Show Review: Dave Alvin, Jimmie Dale Gilmore, and the Guilty Ones Rock Storytelling Night at the Birchmere

Show Reviews

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Last Thursday night, the Birchmere in Alexandria, VA was once again hopping; this time it was to the music and storytelling of career musician/guitarists Dave Alvin and Jimmie Dale Gilmore, backed by the Guilty Ones:  Lisa Pankrantz on drums, Brad Fordham on bass and Chris Miller on guitar.

Opening duo Dead Rock West freatured Cindy Wasserman (sister of Rob Wasserman of Jerry Garica band) initially a capella in silver heeled saddle shoes and Frank Lee Drennan joined in a white suit jacket. They sang sometimes dark songs, like “Darkness Never Tells,” and a few songs off their recent release More Love (Omnivore Records) “Boundless Fearless Love,” “Stereo,” and “Radio Silence.”  Their vocals combined wonderfully in several Everly Brothers songs, like “Cathy’s Clown,” “Chained to a Memory,” and “Long Time Gone,” as well, and left the audience feeling excited.

The band came on in a flash of light like a sky full of fireworks, leading with the title track from their new release Downey to Lubbock (Yep Roc)  [to read our review of this album, click one of these bolded words right here,]  The next one was a  Gilmore song, “Tonight I Think I’m Gonna Go Downtown,” and every head in the room was nodding along.

On the third song, Alvin’s “Johnny Ace is Dead,”  Brad Fordham stepped up his finger pace on the Jazzmaster bass as he stepped forward from the shadows for the audience to get a closer look.  The band finally took a breather while they tuned their guitars, and Alvin told the crowd: “I think I’m the first person to say to Jimmie Dale, as of Tuesday, ‘you have a #1 record on the Billboard Blues Charts.'”  The duo then told the first of several stories together, before playing a song written by Steve Young, that they had recently discovered something about.  30 years ago, Young had brought that song to Alvin, saying he had written the song for him; and around the same time, Young brought it to Gilmore saying he wanted him to sing it.  When they recently realized they had this past experience in common, the obvious choice was play and sing it together:  “Silver Lake.”  Memphis Jug Band’s “Stealin’ Stealin” had grins from ear to ear on the audience’s faces. And then it was the X song, “Fourth of July.”  The storytelling and the banter between Alvin and Gilmore was endearing and felt like sitting around a campfire, only with a few more lights and a lot more great music.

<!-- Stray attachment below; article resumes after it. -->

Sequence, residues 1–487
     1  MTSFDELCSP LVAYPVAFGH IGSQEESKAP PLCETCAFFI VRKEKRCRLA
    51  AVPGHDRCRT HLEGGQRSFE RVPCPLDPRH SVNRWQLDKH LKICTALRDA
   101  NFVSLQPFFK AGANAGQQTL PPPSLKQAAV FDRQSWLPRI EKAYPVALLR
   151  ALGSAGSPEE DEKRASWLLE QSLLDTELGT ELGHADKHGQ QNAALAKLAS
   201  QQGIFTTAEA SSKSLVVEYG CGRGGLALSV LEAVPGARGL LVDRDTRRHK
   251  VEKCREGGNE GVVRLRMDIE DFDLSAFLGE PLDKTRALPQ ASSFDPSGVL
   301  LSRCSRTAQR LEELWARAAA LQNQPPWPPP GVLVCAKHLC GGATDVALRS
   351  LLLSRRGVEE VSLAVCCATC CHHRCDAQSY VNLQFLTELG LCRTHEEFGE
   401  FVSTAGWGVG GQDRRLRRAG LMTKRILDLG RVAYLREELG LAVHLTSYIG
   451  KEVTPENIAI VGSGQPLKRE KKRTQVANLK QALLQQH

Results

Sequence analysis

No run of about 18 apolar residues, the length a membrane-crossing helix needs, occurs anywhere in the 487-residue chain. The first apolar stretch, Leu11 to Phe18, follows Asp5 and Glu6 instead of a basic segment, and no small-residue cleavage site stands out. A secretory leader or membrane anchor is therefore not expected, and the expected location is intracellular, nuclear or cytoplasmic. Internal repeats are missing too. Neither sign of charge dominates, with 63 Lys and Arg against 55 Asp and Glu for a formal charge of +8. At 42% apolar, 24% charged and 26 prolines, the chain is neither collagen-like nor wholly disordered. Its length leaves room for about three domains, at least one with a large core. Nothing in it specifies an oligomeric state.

Before the next song, Dave Alvin said “this one goes out to D.J. Fontana — Elvis Presley’s drummer had died the day before — and they sang a really moving Woody Guthrie’s “Deportees (Plane Wreck at Los Gatos).”   During some tuning of his guitar, Gilmore told the story of the time Les Paul was onstage with Andres Segovia; and someone had asked why had Les Paul tuned his guitar so many times, but Segovia had tuned his only once?  As legend has it, Les Paul responded, “because he doesn’t give a s–t!”  Next song was Lloyd Price’s “Lawdy Miss Clawdy,” and then Alvin’s “Billy the Kid and Geronimo” with Jimmie Dale on harmonica.  Alvin then launched into “Dry River,” which ended in an extended drum solo by Lisa Pankrantz in a sea of white stage lights.  The band invited the openers back on stage to sing “Get Together,” which was a lovely rousing version with everyone singing including guitarist Chris Miller, and then Alvin played “Dallas,” solo.    If that wasn’t enough for you, and the crowd clearly wanted more, the band returned to play 4, yes you read that right, 4 encores:  Sam Cooke’s “Bring it On Home To Me,”  Butch Hancock’s “My Mind’s Got a Mind of Its Own,” and the Blasters’ “Marie, Marie,” and then brought the house down with “Downey to Lubbock (reprise). Find tour dates here.

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